The Emergence of Stateful Containers
While containers were originally designed to be entirely stateless and ephemeral, DX initiatives are also driving the adoption of stateful containers. Previously, containers would spin up, do their job and disappear, leaving no record of what happened while they were running.
The reason behind the shift to stateful containers is that most real-world applications need to retain state; CNCF survey respondents confirm this:
- 55% use stateful containers in production
- Nearly a quarter (22%) only use stateless containers
- 12% are evaluating stateful containers
- 11% plan to use stateful containers in the next year
Good, Better, Best HA
But how can organizations move these projects from the development and test phase to production? The answer is that companies will need to deploy a good, better, best high availability (HA) methodology for their stateful containers. Keep in mind that the deployment architecture for containers at scale generally consists of three components:
- Nodes, which can be either a virtual or physical machine and can have multiple pods.
- Pods, which are a group of one or more containers, with shared storage and network resources and a specification for how to run the containers.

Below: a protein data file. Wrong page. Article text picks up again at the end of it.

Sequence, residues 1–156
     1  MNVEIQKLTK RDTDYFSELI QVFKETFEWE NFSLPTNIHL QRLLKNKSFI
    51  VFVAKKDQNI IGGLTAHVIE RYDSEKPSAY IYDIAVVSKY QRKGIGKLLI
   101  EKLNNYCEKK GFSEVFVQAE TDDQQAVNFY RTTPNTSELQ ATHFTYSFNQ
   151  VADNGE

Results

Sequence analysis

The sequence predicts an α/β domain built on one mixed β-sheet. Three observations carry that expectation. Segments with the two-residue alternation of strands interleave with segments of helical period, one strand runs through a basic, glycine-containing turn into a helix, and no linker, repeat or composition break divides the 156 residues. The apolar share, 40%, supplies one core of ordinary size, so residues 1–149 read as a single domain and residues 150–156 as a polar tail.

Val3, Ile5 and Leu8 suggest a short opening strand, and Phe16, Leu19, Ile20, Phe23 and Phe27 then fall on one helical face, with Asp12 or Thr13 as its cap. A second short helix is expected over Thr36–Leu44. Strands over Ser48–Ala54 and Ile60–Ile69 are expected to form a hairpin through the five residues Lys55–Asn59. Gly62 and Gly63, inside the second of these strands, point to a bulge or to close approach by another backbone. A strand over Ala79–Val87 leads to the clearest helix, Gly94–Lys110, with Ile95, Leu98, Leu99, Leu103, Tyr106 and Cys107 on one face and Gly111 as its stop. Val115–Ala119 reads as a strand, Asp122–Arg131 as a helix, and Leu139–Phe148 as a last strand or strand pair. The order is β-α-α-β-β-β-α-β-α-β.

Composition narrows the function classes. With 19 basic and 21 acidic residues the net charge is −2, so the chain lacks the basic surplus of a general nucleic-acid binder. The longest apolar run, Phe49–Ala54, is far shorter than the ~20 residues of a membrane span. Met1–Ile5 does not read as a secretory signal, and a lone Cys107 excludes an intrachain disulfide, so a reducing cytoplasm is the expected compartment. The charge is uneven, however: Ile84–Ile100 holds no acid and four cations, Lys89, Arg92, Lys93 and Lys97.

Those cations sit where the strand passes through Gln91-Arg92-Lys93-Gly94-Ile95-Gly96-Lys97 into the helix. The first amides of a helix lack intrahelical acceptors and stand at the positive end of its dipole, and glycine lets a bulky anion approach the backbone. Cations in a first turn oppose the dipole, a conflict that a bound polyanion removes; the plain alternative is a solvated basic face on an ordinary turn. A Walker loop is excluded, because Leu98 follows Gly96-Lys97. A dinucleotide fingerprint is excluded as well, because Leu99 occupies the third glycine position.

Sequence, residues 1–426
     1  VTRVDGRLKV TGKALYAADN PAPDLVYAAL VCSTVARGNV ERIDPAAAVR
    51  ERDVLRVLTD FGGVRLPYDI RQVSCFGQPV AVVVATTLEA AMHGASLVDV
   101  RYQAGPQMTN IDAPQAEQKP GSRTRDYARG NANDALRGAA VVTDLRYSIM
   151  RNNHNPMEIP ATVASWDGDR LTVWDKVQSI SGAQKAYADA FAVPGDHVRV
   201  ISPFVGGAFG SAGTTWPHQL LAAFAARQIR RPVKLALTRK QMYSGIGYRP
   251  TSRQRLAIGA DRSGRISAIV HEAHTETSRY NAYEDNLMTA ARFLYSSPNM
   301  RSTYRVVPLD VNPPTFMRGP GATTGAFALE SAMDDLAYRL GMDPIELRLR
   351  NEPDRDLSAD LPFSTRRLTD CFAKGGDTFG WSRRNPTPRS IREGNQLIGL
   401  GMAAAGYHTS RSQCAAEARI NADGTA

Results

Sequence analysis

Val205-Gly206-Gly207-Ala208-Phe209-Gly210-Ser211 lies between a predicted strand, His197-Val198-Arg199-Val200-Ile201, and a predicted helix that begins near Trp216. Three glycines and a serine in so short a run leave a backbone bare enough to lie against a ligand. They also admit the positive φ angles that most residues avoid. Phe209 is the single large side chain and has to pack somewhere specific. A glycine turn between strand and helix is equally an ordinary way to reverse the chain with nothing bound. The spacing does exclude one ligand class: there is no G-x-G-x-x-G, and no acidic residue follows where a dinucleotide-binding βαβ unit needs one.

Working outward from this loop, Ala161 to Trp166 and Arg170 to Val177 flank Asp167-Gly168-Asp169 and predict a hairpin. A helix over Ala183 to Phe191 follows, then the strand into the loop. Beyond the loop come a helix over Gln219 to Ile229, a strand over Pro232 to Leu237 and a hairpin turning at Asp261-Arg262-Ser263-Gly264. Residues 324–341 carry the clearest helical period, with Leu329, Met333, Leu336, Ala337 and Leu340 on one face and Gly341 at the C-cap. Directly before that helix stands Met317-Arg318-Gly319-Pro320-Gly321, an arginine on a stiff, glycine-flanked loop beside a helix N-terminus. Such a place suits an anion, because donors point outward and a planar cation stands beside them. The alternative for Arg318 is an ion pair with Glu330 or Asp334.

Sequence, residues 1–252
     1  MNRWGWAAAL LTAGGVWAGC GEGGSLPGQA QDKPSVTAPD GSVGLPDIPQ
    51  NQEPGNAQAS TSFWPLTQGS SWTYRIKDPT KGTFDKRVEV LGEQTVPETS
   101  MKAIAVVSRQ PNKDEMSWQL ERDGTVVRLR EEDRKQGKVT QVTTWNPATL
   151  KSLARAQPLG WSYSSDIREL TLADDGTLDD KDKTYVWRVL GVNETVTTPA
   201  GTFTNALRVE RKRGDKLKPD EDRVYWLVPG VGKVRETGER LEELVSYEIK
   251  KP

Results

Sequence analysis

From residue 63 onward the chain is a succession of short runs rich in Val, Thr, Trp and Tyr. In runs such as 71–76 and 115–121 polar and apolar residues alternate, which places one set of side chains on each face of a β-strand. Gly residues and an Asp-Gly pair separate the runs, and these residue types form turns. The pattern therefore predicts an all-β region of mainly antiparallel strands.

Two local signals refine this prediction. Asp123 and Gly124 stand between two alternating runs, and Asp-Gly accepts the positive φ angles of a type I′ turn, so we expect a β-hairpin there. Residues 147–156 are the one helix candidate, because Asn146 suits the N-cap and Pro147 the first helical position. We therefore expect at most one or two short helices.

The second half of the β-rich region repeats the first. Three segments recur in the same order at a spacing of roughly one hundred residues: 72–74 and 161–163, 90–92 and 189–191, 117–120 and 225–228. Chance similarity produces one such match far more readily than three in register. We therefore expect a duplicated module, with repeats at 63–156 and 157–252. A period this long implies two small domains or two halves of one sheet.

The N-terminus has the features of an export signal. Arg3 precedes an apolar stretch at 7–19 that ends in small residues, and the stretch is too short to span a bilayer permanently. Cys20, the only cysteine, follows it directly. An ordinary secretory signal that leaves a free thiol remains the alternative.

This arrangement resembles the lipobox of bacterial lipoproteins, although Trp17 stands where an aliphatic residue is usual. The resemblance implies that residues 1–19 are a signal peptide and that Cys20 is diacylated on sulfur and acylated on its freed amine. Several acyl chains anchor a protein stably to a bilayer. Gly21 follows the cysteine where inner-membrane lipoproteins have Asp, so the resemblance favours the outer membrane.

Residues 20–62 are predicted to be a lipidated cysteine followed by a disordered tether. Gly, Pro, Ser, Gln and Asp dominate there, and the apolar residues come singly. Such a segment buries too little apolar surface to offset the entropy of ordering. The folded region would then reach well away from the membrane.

- Container orchestrator, such as Kubernetes or Docker Swarm
“Good HA” looks like this: When a node fails, the container orchestration solution—for example, Kubernetes—hosting the node starts a replica pod on a different node. The container reconnects to services such as storage and networking, and the application re-connects to the container. This full process is relatively time-consuming and can take several minutes to complete.
You can add to good HA to get “better HA,” however. With this capability, when the container fails, the container orchestrator bootstraps another instance of the container, then reattaches it to the services and the application reconnects to the container. The restart of the better HA process is generally faster than “moving” a pod to a different node as in good HA, but still can take minutes to execute.